Honda Car India describes the WR-V, its newest car, in the country, as a 'Sporty Lifestyle Vehicle' and nowhere does it say that it's a crossover or an SUV. So, that decision has been left to us. For starters, the WR-V is sub-4 metres, but still is 4 mm longer than the Jazz. That might not be much, visually speaking; but on paper, yes it's longer. There are a few changes, on the design front too, but the deep character line, on the side is no different, than the one on the Jazz. Honda WR-V has been launched in India at a starting price of ₹ 7.75 lakh (ex-showroom, Delhi)
It's the front, where all the changes in design have been made. In profile, it shares fenders and the doors with the Jazz, but features body cladding, for a beefier look. It also comes with LED daylight running lights (DRLs) which will be standard on the car. The rear too has been heavily differentiated from the Jazz, by a different tailgate and bumper.
Overall then, the Honda WR-V is more of a crossover vehicle than an SUV. The WR-V is based on the Jazz hatchback, but there's a lot that has improved. For starters, high-tensile steel has been added, in the middle of the body, to enhance collision force absorption. The thickness of the front suspension mounting has been increased and the new rear bumper beam too reduces crash damage, at the rear. The folks at Honda Car India said that the WR-V performed very well, in occupant safety, in the crash tests conducted internally. We therefore asked whether it complies with the safety norms that'll come into force, in India, soon and the company stated that considering there are no guidelines in place yet, for India, it will not comment on it. All it said was that structural rigidity has been improved.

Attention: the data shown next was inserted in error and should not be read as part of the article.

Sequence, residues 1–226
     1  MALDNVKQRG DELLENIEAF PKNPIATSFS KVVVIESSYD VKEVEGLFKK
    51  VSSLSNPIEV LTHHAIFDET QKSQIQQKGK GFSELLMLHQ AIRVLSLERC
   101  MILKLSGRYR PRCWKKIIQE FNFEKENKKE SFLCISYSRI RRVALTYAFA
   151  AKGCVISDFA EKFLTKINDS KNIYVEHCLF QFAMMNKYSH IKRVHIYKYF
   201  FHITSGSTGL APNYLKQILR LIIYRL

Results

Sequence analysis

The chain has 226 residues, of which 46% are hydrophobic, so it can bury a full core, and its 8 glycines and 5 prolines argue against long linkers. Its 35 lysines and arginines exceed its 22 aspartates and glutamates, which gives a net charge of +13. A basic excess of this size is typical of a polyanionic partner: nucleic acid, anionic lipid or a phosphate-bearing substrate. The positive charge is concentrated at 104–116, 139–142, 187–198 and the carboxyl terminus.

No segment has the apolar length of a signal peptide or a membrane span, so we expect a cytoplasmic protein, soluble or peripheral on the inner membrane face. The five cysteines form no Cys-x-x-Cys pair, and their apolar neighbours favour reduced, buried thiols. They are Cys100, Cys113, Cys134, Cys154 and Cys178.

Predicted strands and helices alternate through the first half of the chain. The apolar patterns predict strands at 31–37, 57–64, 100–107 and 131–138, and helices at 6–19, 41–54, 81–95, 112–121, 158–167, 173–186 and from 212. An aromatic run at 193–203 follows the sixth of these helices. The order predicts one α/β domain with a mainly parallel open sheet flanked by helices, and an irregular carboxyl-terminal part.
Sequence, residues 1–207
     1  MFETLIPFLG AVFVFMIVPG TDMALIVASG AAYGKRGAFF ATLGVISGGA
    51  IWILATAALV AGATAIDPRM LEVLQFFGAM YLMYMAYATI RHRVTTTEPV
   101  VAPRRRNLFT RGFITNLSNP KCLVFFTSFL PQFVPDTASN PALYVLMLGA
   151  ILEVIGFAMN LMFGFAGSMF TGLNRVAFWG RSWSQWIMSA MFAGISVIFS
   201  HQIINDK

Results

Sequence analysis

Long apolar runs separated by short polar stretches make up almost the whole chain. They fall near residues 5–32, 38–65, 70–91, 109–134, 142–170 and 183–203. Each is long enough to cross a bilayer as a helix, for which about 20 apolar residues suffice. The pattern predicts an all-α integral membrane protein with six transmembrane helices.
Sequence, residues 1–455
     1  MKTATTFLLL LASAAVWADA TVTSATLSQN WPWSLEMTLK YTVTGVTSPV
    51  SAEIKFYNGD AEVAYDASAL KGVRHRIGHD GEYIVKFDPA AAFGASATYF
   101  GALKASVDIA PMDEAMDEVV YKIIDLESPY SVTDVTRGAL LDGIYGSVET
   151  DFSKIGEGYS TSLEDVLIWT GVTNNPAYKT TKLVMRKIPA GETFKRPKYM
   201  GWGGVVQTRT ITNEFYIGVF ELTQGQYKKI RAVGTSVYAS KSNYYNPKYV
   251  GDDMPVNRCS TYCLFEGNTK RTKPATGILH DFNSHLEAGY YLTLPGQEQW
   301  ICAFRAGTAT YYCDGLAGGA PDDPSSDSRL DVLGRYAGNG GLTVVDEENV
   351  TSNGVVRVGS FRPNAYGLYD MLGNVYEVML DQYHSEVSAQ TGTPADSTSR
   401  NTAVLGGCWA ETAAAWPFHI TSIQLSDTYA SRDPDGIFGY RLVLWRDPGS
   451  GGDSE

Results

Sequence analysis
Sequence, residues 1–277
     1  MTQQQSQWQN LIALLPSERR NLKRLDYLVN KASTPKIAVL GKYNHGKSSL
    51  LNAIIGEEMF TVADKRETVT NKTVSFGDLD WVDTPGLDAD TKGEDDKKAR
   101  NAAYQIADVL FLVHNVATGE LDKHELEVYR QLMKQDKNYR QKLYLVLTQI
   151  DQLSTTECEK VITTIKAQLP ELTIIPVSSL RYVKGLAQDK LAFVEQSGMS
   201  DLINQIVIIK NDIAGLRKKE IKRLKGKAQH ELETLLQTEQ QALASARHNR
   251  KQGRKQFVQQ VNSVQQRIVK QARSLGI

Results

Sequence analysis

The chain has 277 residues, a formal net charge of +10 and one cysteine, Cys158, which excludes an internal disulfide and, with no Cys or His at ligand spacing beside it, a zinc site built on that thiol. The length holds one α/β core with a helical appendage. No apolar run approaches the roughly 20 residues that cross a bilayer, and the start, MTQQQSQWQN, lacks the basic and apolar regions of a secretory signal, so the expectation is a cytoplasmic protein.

The reinforcement of high-tensile steel makes the WR-V 50 kg heavier than the Jazz, but that's not the only department in which it surpasses the Jazz. It's longer (by 4mm), taller (by 51mm), wider (by 40mm) than the Jazz and there's more space between the wheels too (25 mm more). But, of course you want the figures of the ground clearance and that stands at 188mm, as compared to 165mm on the Jazz, so there's an improvement on that front too.
Now, we'd first seen the car in November 2016, when it was unveiled at the Sao Paulo Motor Show; so obviously you'd think that the car would be launched there first. Well, no, the global launch of the car will happen in India and ours is the first country to be the first in both producing the car and launching it and that's quite a big deal. It's also been designed and developed by Honda's R&D team, in India, while inputs were taken from the company's global R&D team too.